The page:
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Opinion Can geoengineering slow climate change? We need research to find out.

The NASA WB-57 after takeoff. (Chelsea Thompson/NOAA/CIRES)
5 min

Gernot Wagner is a climate economist at Columbia Business School and the author of “Geoengineering: The Gamble.

Can solar geoengineering help solve anthropogenic climate change? We don’t know, and we need to start finding out.

Attempting to shield Earth from the sun’s rays in what’s often described as a last-ditch effort to cool average global temperatures is controversial for good reason. It might work and do a lot of good, but there are ample risks. Most importantly, it is no replacement for cutting greenhouse gases. Researchers who study the approach most closely are the first to say just that. Using solar geoengineering as the latest excuse not to slash carbon and other pollution would be a mistake. But research we must.

That’s why it is notable to see first-of-their-kind federal research flights take off from Houston into the stratosphere this week. They’ll only collect baseline data, but that is in part “to inform policy decisions related to … potential of injection of material into the stratosphere to combat global warming.” This is a significant step forward in government-sponsored solar geoengineering science. The emphasis here is on “research.”

It is the opposite to prematurely deploying the technology. That’s what happened in April 2022 when an enterprising and deliberately provocative entrepreneur launched at least two balloons in the Mexican state of Baja California that may have released reflective sulfur particles in the stratosphere, a fact only revealed late last year. Its founder told James Temple of MIT Technology Review: “We joke slash not joke that this is partly a company and partly a cult.” Solar geoengineering research needs neither.

Raising around $750,000 in venture capital to sell “cooling credits” for these balloon flights, as his start-up has done, was a horrible idea. I say that as someone who posited such a scheme as “technically possible” and “economically feasible” in a 2019 paper with geoengineering governance scholar Jesse Reynolds. We argued that it would be only a matter of time before someone somewhere would attempt it.

The outcome was predictable. Mexico has halted all such solar geoengineering attempts. Sadly, that won’t stop this entrepreneur or others elsewhere from attempting similar stunts. Equally sadly, it may well deter legitimate, much-needed research. That’s particularly true in a country and world on edge about spy balloons.

Fortunately, the U.S. National Oceanic and Atmospheric Administration has been pressing ahead with around $10 million each year in “Earth’s radiation budget.” That figure falls short of the $200 million over five years recommended by the National Academies of Sciences, Engineering, and Medicine in a 2021 report, as part of a coordinated federal effort. It is, however, a departure from privately funded programs, including one that I co-founded at Harvard University.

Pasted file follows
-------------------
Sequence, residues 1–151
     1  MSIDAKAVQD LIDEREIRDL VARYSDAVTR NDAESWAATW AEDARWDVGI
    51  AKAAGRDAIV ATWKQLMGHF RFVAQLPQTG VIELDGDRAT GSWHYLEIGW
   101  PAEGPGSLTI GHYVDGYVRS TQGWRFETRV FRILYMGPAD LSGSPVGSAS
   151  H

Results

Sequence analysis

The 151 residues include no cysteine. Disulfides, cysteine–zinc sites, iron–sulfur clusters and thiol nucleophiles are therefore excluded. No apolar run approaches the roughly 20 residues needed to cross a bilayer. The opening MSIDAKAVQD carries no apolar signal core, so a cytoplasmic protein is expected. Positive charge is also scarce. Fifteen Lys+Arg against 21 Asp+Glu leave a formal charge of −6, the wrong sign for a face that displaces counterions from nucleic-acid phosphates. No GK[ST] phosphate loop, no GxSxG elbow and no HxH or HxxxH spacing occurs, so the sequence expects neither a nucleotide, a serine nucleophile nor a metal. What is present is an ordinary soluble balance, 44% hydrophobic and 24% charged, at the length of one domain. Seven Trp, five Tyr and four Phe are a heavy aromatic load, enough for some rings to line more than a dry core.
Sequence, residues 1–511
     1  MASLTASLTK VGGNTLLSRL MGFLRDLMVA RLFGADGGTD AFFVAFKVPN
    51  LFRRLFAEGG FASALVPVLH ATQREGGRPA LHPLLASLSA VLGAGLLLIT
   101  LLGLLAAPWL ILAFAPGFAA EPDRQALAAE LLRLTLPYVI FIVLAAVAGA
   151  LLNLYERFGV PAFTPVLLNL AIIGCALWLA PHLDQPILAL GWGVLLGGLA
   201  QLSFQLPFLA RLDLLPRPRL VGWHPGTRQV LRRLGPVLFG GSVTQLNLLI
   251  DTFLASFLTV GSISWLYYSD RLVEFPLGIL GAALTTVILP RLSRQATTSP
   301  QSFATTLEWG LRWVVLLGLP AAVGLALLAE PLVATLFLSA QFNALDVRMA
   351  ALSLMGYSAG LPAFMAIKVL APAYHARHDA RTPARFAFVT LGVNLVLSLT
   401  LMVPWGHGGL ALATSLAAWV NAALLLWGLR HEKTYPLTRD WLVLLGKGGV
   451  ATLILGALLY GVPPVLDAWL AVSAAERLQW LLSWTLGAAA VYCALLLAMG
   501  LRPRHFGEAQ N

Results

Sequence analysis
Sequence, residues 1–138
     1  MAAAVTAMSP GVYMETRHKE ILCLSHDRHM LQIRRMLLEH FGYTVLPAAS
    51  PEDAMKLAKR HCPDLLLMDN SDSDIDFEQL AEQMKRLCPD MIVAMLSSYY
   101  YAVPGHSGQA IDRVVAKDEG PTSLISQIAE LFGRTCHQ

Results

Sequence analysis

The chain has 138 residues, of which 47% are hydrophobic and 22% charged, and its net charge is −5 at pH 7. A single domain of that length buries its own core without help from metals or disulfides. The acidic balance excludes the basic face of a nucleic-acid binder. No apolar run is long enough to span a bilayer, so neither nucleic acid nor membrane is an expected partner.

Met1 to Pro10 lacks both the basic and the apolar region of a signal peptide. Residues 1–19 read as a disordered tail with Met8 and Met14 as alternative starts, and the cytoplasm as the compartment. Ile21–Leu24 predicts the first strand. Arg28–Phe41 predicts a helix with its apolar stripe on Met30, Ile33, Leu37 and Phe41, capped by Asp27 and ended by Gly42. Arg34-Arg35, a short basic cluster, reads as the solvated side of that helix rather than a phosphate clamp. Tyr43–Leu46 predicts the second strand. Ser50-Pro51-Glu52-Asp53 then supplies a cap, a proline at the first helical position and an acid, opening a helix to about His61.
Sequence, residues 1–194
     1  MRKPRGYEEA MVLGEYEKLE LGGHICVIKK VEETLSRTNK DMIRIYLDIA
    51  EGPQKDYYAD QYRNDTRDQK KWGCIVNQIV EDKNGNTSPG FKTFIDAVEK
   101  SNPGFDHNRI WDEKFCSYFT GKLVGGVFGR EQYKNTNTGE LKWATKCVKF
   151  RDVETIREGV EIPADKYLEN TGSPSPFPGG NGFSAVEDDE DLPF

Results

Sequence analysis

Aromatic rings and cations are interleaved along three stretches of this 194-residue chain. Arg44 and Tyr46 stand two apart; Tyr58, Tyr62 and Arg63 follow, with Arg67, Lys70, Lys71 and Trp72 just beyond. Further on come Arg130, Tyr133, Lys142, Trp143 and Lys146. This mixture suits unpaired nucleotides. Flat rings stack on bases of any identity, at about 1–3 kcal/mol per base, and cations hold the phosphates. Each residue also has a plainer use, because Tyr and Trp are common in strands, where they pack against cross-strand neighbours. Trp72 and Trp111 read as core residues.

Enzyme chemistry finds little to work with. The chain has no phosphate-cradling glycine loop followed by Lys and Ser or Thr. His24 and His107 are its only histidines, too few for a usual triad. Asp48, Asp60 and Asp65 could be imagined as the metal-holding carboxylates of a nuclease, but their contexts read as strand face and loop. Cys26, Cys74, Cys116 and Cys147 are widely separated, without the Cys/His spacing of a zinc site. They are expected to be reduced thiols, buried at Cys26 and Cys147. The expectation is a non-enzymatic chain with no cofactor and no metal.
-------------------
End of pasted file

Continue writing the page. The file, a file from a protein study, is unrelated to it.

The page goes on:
When Harvard’s Solar Geoengineering Research Program launched in 2017 with a budget over $10 million, private philanthropy money seemed to us the only option.

We feared then that courting federal cash would be hopeless and help create what environmentalists call green moral hazards. We could picture the president tweeting: “Found solution to climate change! Told you there was no need to tax carbon!” As far back as 2008, former speaker of the House Newt Gingrich called for the use of solar geoengineering to stop an emissions trading bill.

Which I now see only underlines the need for legitimate, federally funded research, and NOAA’s program is just that. Since 2020, the agency has been flying research balloons into the stratosphere to study particles already there. This week it adds flights with a NASA WB-57 research jet. The 1960s-era B-57 bomber is retrofitted with over a dozen scientific instruments to measure “stratospheric aerosol processes, budget and radiative effects,” hence the project’s name: Sabre.

The most important point: It’s just regular science, including detailed research hypotheses, fancy instruments, years of lead-time, months of subsequent data analysis, and nerdy acronyms. The flights hope to study how sulfate particles behave throughout their life span in the second layer of the atmosphere and how they react with soot and other human and natural elements already there.

Some will say that this research pushes us ever further down the “slippery slope” toward large-scale deployment. In reality, it might do the opposite: lead to more research by showing just how complex and potentially risky a solar geoengineering intervention might be.

It helps that all of this is happening in the context of the global clean-energy race jump-started by passage of the Inflation Reduction Act. It would take a jaded view to believe that a $10 million solar geoengineering research program, itself part of a $3 billion federal climate research program, would detract from hundreds of billions of dollars in investments in cleaner, safer technologies that help cut carbon pollution in the first place.

Yes, it is so late in the climate fight that some solar geoengineering may well be a good idea. We won’t know, unless scientists are able to do the hard work to find out.